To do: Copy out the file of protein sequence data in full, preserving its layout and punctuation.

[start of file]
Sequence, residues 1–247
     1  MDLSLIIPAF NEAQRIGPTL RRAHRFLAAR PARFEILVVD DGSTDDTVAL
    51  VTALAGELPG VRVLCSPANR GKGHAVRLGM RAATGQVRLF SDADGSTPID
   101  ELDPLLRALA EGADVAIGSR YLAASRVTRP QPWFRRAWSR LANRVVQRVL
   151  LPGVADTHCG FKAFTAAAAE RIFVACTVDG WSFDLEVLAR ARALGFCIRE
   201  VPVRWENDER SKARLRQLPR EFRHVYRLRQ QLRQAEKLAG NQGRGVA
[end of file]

Sequence, residues 1–247
     1  MDLSLIIPAF NEAQRIGPTL RRAHRFLAAR PARFEILVVD DGSTDDTVAL
    51  VTALAGELPG VRVLCSPANR GKGHAVRLGM RAATGQVRLF SDADGSTPID
   101  ELDPLLRALA EGADVAIGSR YLAASRVTRP QPWFRRAWSR LANRVVQRVL
   151  LPGVADTHCG FKAFTAAAAE RIFVACTVDG WSFDLEVLAR ARALGFCIRE
   201  VPVRWENDER SKARLRQLPR EFRHVYRLRQ QLRQAEKLAG NQGRGVA